Contracts & Intellectual Property

Contracts

A research contract is a legally binding agreement that sets out the rights and obligations of the parties concerned, and which forms the basis of a relationship around a particular research programme, exchange of information or materials or other collaboration.

  • Research contract. This is a contract which provides funding for a specific research project. It can be funded by a company, government body, agency, and it contains terms and conditions governing the conduct of the project, as well as obligations incumbent upon the University Spiru Haret (USH) and the funder. The purpose of a research contract is to set out the roles and responsibilities of the parties involved in a research project, i.e. the USH, the academics, researchers, students and the funding body.
  • European Commission Grant. Three forms of grants are proposed for the EU financial contribution:
    • reimbursement of eligible costs,
    • lump sums, and
    • flat-rate financing (the latter can be based on scale of unit costs but also includes flat rates for indirect costs).

    These may be used to cover the entire EUfinancial contribution for a funding scheme or more than one may be used in combination. For most funding schemes, reimbursement of eligible costs is the preferred method.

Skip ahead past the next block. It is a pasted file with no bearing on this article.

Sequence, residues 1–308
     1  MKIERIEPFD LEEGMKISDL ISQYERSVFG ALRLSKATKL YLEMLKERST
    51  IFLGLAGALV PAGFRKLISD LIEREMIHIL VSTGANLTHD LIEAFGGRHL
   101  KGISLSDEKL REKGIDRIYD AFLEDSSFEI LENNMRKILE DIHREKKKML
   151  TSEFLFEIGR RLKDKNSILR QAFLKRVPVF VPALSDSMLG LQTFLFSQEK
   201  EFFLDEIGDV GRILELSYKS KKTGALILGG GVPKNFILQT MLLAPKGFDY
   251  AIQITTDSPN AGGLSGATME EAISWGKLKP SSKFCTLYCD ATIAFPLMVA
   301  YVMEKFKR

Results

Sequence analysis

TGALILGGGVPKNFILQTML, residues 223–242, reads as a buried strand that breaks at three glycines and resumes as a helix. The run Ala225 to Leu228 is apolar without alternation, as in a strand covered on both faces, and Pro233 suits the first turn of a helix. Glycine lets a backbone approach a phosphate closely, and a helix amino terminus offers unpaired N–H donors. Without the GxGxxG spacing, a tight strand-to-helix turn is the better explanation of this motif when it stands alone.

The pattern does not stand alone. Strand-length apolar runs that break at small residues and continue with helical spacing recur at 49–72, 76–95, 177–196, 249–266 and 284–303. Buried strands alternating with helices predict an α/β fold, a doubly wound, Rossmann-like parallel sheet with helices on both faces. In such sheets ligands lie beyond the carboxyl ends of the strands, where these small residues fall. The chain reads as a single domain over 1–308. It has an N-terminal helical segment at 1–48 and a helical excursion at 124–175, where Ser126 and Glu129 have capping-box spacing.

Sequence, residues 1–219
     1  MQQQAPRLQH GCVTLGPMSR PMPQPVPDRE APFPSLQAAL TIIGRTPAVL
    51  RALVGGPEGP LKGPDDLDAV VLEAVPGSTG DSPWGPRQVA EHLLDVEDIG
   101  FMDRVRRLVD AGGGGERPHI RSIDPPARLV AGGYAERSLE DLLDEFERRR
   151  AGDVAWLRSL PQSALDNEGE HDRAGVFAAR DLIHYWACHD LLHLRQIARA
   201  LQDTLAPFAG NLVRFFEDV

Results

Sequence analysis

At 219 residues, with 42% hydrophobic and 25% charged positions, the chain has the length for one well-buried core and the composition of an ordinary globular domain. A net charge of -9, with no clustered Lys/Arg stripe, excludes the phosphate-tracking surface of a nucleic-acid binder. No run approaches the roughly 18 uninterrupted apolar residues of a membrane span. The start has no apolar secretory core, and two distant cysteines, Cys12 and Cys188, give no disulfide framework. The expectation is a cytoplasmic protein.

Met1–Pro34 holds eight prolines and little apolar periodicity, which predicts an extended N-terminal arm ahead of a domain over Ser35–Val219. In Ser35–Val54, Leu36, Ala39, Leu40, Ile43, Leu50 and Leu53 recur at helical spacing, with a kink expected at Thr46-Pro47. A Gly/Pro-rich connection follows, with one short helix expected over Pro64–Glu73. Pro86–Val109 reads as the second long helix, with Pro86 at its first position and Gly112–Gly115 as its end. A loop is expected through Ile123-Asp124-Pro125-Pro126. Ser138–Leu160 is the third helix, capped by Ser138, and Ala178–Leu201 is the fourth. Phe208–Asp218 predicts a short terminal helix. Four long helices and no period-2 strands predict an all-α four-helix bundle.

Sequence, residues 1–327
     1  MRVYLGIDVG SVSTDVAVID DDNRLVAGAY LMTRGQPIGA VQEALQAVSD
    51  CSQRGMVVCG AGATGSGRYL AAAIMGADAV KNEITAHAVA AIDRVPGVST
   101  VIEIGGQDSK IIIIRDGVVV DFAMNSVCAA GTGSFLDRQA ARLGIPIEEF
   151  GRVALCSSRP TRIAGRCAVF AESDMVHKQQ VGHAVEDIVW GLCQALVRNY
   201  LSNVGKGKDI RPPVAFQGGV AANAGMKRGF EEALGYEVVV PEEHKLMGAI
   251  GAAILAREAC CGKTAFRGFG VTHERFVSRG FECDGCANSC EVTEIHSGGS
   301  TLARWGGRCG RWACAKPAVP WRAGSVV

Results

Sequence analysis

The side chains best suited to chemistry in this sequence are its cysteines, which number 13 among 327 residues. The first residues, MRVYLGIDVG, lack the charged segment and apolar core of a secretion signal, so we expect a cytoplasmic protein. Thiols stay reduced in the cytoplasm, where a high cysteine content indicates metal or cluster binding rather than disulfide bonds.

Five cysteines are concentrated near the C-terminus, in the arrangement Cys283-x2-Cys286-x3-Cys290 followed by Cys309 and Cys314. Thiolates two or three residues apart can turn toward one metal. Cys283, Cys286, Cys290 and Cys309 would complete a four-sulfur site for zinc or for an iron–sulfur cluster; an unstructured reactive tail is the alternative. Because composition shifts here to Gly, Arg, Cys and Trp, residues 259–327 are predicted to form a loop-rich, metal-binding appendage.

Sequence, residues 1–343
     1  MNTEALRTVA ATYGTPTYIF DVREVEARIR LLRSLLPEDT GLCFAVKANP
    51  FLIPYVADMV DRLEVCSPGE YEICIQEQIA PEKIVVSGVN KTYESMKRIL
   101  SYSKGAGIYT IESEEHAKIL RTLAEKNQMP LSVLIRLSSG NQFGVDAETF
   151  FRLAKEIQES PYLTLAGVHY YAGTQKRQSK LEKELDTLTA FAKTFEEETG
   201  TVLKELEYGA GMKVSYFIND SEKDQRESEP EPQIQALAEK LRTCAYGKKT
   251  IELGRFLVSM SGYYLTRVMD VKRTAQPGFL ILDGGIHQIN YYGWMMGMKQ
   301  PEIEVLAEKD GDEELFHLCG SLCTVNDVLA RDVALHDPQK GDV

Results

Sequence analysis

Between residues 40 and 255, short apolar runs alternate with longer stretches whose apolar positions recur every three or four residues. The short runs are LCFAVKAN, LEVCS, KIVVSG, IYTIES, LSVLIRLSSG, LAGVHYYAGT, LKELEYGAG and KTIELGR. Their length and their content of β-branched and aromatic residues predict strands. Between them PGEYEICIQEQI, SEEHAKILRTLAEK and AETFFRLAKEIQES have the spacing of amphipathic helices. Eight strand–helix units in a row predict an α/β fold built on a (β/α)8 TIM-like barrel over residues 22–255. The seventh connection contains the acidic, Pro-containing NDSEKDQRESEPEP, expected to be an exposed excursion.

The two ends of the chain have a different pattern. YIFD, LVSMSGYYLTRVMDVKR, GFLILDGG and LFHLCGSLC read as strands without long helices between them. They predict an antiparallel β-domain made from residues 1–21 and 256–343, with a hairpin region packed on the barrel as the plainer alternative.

• European Commission Consortium Agreement. Consortium Agreements for European Commission projects are mandatory for most Framework Programme 7 (FP7) projects and the Commission requires that the Consortium Agreement is negotiated and signed before it will sign the Grant Agreement (i.e. the contract) for the project.  The Consortium Agreement is concluded between all partners in the consortium but the Commission is not a party to it. Consortium Agreements supplement the Grant Agreement by expanding on and clarifying key terms and conditions (e.g. Intellectual Property, confidentiality, liability, publication rights) and provide details of the internal management and working practices of the consortium (e.g. voting rights, internal reporting structure, dispute resolution).
  • Confidentiality or Non-Disclosure Agreement (CDA or NDA). This is an agreement to regulate the ways by which confidential information, including Intellectual Property, may be disclosed by one party to another. The agreement sets out the terms of disclosure and whether information is returned to the provider or destroyed upon request. Confidential information includes any information, results or know-how that is owned by someone, and which the owner wishes to be kept secret. The disclosure of confidential information requires that a confidentiality agreement is signed before any discussions take place.

Intellectual Property

Intellectual Property (IP) is the term used to describe creative outputs that can be legally protected arising from scientific, engineering, literary and artistic endeavours such as the results arising from research.Intellectual Property can be categorised into two groups: the first requires registration (the registration process may involve corresponding with an examiner before the IPR is granted), e.g. patents; the second arises automatically on creation of the IP, e.g. copyright.